Steen Jakobsen

Acute Vagal Nerve Stimulation Lowers α2 Adrenoceptor Availability: Possible Mechanism of Therapeutic Action

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BACKGROUND:

Vagal nerve stimulation (VNS) emerged as an anti-epileptic therapy, and more recently as a potential antidepressant intervention.

OBJECTIVE/HYPOTHESIS:

We hypothesized that salutary effects of VNS are mediated, at least in part, by augmentation of the inhibitory effects of cortical monoaminergic neurotransmission at appropriate receptors, specifically adrenoceptors. Our objective was to measure the effect of acute VNS on α2 adrenoceptor binding.

METHODS:

Using positron emission tomography (PET), we measured changes in noradrenaline receptor binding associated with acute VNS stimulation in six anesthetized Göttingen minipigs. We used the selective α2 adrenoceptor antagonist [11C]yohimbine, previously shown to be sensitive to competition from the receptor's endogenous ligands, as a surrogate marker of monoamine release. PET records were acquired 4-6 weeks after the implant of a VNS electrode in minipigs before and within 30 min of the initiation of 1 mA stimulation. Kinetic analysis with the Logan graphical linearization generated tracer volumes of distribution for each condition. We used an averaged value of the distribution volume of non-displaceable ligand (VND), to calculate binding potentials for selected brain regions of each animal.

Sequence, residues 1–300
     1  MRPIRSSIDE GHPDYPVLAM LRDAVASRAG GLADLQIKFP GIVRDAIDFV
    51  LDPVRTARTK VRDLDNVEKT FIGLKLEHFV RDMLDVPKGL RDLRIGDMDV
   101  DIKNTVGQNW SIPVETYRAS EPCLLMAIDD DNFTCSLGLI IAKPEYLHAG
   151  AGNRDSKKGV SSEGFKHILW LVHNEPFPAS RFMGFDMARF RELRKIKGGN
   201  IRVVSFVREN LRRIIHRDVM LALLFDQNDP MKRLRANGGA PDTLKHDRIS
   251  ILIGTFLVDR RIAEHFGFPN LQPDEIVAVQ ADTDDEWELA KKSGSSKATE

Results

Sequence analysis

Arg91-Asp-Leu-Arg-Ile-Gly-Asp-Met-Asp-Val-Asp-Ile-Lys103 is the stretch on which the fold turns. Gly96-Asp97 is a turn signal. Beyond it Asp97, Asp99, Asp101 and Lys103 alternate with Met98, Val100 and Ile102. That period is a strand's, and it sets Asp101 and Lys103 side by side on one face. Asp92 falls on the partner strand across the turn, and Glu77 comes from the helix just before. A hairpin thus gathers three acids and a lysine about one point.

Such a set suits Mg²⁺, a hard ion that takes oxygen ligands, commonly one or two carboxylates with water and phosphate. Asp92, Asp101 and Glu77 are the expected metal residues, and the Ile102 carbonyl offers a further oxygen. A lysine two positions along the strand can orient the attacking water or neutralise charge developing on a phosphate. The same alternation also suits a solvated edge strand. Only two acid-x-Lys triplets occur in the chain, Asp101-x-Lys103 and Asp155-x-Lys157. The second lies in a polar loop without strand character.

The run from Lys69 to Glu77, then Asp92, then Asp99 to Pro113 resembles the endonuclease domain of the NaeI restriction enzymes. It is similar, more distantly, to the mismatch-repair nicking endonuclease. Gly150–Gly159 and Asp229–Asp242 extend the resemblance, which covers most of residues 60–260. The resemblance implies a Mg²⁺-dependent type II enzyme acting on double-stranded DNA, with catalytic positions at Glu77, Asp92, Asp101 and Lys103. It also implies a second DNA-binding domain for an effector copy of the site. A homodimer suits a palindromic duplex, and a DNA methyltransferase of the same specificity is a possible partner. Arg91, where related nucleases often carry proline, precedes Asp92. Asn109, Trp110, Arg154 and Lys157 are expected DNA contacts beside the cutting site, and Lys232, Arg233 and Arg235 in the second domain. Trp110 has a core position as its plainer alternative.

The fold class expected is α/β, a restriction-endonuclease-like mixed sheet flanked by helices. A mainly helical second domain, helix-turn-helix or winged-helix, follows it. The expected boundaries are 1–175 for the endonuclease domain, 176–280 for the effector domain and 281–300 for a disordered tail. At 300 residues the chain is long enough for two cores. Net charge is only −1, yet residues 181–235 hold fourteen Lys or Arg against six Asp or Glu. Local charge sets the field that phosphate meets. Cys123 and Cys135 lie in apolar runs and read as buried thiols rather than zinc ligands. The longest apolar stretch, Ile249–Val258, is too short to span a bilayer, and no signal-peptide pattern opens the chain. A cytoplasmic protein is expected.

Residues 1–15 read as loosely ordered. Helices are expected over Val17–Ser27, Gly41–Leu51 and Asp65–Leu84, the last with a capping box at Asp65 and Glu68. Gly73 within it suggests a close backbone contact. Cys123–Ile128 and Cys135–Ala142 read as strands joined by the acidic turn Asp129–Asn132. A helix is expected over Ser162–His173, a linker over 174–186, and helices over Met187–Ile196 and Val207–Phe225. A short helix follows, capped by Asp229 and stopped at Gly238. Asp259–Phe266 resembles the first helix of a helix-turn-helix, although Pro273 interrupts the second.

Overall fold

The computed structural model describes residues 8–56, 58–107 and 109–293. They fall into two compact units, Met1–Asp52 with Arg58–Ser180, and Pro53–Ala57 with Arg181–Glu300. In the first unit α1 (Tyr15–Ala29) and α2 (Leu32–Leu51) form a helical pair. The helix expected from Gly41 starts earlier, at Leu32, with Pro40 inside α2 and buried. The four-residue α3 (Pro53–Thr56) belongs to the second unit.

RESULTS:

VNS treatment markedly reduced the binding potential of yohimbine in limbic, thalamic and cortical brain regions, in inverse correlation with the baseline binding potential.

CONCLUSION:

The result is consistent with release of noradrenaline by antidepressant therapy, implying a possible explanation for the antidepressant effect of VNS.
Original languageEnglish
JournalBrain Stimulation
Volume8
Issue4
Pages (from-to)702-707
Number of pages6
ISSN1935-861X
DOIs
Publication statusPublished - 2015

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